Only in moments of crisis do we begin to re-evaluate all that has held us until this very moment. What really matters?
That job, that project, that mammon is all worthless.
In the midst of Covid-19, the epidemic of our century, the hidden societal structures have come to light. Who keeps producing food? The hidden agricultural workers. Who gets the food to us? The hidden transportation and delivery network. Who serves us the food? Grocery and restaurant workers. Who keeps the lights on? Who keeps the water running? Who keeps our environment clean and orderly? Who gets rid of our waste?
The individual cell in the human family is truly negligent to believe that it alone has brought forth the world unto itself.
How is that, these most essential people are so disregarded, underpaid, or under-recognized? Is the teacher so much less valuable than the executive? Is the sanitation worker any less valiant and brave than the police officer?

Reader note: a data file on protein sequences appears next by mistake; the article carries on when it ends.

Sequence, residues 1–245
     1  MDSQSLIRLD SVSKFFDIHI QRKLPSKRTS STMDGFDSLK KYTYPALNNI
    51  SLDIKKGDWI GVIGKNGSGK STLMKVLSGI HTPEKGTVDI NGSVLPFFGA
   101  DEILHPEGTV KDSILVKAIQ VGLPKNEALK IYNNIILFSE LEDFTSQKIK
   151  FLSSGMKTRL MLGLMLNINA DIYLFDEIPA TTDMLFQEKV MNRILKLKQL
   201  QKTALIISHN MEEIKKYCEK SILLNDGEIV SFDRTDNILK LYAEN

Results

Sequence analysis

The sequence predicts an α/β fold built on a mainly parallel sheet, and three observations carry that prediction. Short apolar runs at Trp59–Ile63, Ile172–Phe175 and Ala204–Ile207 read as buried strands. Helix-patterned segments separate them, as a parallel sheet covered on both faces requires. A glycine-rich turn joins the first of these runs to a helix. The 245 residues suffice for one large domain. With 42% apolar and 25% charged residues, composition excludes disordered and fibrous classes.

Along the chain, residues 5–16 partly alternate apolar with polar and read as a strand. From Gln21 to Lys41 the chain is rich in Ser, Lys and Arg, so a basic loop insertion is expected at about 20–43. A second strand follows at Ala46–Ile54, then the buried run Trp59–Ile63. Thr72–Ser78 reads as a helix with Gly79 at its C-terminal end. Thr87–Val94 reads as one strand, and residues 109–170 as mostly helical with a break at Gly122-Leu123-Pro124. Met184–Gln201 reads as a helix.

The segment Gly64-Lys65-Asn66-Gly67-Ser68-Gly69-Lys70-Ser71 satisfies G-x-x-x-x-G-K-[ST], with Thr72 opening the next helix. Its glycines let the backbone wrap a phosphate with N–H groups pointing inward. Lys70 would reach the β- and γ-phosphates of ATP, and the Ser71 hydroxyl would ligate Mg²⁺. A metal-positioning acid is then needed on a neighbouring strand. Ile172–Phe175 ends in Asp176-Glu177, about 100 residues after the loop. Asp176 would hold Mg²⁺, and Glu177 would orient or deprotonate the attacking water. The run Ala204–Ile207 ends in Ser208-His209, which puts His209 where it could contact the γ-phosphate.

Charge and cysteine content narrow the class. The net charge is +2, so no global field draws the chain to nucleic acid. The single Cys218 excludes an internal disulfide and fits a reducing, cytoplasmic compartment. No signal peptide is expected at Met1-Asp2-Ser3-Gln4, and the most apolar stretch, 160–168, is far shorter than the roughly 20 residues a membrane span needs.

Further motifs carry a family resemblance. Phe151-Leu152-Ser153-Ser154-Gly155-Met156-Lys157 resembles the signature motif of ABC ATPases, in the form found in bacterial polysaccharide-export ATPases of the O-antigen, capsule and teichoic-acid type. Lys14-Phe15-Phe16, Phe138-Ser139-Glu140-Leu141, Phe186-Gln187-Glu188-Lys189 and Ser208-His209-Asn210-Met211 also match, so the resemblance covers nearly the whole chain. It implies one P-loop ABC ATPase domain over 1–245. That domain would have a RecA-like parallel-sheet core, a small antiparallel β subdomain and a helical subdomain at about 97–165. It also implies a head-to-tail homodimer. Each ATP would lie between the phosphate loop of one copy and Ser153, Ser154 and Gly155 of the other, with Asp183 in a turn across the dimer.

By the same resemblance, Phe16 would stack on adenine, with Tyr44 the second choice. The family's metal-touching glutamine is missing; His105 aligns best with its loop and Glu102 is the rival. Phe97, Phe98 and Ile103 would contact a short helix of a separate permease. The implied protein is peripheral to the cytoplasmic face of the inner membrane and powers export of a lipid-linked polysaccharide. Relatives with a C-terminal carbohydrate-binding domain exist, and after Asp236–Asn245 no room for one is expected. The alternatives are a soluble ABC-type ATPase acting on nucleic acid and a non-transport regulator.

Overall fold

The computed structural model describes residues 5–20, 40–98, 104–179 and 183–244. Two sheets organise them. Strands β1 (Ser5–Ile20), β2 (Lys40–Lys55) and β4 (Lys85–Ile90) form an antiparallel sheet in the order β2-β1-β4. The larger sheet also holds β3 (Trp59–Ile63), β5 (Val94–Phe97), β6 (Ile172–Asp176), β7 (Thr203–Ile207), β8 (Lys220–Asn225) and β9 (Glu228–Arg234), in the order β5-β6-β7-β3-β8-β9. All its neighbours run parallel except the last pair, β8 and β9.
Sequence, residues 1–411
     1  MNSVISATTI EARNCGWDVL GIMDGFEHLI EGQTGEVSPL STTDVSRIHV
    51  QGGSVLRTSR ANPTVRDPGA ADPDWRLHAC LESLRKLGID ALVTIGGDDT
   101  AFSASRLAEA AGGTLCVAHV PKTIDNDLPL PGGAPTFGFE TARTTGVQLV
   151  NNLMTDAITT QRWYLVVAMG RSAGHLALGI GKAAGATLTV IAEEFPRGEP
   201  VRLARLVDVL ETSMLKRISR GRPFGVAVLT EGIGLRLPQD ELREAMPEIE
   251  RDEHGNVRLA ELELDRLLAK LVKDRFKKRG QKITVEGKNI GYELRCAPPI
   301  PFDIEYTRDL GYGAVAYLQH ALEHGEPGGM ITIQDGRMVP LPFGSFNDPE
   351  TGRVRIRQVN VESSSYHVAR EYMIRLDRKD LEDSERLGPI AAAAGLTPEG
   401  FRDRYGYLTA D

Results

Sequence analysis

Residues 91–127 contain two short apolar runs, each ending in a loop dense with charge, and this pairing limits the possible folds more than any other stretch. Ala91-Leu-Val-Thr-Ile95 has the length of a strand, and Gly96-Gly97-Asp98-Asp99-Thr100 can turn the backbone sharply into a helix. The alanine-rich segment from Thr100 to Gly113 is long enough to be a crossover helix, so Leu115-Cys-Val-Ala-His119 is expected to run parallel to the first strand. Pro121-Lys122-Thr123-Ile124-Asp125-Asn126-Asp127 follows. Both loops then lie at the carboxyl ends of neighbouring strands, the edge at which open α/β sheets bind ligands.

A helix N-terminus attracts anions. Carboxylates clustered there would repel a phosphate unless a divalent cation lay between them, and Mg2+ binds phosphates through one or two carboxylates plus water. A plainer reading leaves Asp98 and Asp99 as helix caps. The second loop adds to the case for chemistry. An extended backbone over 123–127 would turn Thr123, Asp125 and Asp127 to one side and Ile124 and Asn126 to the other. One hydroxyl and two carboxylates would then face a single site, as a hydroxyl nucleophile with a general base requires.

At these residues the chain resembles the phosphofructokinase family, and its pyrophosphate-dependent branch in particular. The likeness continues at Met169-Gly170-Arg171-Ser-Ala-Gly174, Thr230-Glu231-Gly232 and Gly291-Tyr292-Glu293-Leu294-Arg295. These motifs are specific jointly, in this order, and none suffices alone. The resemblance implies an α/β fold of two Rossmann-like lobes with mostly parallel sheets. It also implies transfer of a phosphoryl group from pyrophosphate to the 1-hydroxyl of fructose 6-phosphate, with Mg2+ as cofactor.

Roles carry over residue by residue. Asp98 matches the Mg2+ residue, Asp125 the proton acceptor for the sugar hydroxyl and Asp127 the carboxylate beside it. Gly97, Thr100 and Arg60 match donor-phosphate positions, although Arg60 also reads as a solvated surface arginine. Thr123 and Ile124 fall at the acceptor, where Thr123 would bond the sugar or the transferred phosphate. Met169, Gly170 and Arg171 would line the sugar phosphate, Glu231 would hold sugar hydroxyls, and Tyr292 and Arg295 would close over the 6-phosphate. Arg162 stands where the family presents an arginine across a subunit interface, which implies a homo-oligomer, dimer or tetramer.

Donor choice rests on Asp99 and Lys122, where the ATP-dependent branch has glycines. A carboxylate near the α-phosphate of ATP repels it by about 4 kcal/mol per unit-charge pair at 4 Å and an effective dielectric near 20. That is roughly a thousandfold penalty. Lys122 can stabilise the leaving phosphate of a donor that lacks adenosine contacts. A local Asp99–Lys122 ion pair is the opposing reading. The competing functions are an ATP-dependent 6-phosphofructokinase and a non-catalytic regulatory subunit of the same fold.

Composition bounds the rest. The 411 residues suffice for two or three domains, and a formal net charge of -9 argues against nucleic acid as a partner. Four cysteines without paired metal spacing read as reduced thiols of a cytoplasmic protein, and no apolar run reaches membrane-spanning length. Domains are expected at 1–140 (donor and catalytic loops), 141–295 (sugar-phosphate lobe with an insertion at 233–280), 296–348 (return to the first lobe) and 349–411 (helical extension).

Here in Pittsburgh, sanitation workers have gone on strike, asking for personal protection equipment and hazard pay as they work to continue to remove the physical waste that we generate. They too, are on the frontlines of keeping our society operating. Even on a less critical occasion, sanitation workers have the most dangerous public service work, not only because of handling heavy machinery, but the many environmental hazards that come with dealing with our monstrous waste.
A number of years ago, I was visiting the Bible Museum in DC. As I sat in an atrium eating lunch, I saw a janitorial staff lady clean and wipe down a glass door so it was spotless. People walking through the door inevitably left fingerprints and smudges. Every couple of minutes, the same staff person came and wiped it down again, leaving it spotless, only for more people to walk through. Nevertheless, she persisted.
This was one of the most beautiful scenes I have observed. The display of faithfulness still has me in awe – the distillation of what is essential. How I pray that in the midst of this Great Lent, that we repent of how we have neglected the essential, the good portion, those who are blessed. Let us change our ways and demand justice for those who are essential.